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The Effect of Levodopa on Dual-Tasking in Parkinson’s Disease Freezing of Gait
Ece Bayram1, Jason Longhurst1, Sarah J. Banks1, Zoltan Mari1, Brent Bluett1
1Cleveland Clinic Lou Ruvo Center for Brain Health, Las Vegas, NV, USA.
Background and Objective: Starting to walk, turning, narrow spaces, and dual-tasking increase the frequency and severity of freezing of gait (FOG) in Parkinson’s disease (PD). Although levodopa may improve FOG in up to 60% of PD patients, its effects on FOG while dual-tasking have not been investigated.
Methods: 21 PD patients (12 without FOG, 9 with FOG) were evaluated using FOG assessment score during levodopa off and on. This score consists of ratings with three dual-tasking levels (walk; walk & carry tray; walk, carry tray & perform mental calculations). Higher scores indicate worse performance. Individual scores during the dual-tasking levels, time to complete each level, and total score were compared between groups and levodopa states within each group.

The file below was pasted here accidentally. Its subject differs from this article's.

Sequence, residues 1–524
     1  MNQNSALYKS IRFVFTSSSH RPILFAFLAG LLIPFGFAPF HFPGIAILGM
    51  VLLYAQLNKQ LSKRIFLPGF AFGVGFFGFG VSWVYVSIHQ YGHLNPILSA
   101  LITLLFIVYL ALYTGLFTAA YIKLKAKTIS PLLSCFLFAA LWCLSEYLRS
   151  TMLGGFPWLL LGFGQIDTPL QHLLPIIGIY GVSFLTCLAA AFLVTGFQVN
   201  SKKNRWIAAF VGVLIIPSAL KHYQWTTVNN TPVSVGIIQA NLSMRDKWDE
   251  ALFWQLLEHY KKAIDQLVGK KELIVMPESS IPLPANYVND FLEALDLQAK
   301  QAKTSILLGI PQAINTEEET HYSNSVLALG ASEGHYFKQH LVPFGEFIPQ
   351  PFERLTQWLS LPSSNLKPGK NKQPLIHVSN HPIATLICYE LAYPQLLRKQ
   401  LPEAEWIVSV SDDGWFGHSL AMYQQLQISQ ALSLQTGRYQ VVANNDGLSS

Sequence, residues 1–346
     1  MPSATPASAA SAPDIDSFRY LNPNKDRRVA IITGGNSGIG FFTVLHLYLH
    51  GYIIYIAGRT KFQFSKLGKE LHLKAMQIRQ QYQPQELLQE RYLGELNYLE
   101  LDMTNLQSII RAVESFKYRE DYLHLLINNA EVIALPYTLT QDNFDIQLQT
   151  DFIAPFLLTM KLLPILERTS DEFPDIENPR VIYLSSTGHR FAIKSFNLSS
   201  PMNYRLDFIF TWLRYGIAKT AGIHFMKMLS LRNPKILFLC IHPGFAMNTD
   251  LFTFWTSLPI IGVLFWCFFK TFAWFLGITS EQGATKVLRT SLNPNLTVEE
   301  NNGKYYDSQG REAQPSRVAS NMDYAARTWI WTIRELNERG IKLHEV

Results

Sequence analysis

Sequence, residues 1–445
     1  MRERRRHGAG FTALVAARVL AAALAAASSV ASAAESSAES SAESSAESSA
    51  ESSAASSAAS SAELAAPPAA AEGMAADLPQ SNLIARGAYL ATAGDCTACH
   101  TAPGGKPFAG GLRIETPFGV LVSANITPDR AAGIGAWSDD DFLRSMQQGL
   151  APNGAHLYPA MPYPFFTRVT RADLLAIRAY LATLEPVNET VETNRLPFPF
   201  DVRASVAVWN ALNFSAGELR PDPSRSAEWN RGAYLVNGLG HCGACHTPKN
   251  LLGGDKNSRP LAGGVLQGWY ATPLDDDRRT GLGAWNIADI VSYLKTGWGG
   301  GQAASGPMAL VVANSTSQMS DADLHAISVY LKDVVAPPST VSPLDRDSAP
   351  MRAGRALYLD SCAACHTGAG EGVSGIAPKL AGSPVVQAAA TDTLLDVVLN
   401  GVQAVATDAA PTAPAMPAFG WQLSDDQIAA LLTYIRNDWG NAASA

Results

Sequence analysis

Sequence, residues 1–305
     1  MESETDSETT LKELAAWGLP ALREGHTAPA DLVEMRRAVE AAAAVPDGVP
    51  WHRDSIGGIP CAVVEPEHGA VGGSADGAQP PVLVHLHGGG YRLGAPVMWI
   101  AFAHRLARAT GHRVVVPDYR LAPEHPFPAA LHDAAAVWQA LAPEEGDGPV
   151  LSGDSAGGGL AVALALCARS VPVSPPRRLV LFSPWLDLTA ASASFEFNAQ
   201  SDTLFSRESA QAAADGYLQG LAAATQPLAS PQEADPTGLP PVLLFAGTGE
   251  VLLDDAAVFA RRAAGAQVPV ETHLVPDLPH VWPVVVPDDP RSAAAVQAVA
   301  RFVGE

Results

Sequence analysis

Results: Between group comparisons revealed the FOG group had higher scores and were slower during all levels of the FOG assessment. Levodopa improved the total score for both groups. PD without FOG group were faster during levodopa on compared to off, and had lower scores while walking, carrying tray & performing mental calculations during levodopa on. Levodopa did not affect walking speed in FOG group, and only improved the score while walking, carrying tray & performing mental calculations.
Discussion and Conclusions: Levodopa improved the FOG assessment score for both groups of PD patients, and improved walking performance during dual-tasking. However, while levodopa improved movement speed for PD without FOG, this was not observed in the FOG group. Other treatment modalities in addition to levodopa are needed to fully alleviate FOG in PD.
Acknowledgement: Research reported in this publication was supported by an Institutional Development Award (IDeA) from the National Institute of General Medical Sciences of the National Institutes of Health under grant number 5P20GM109025.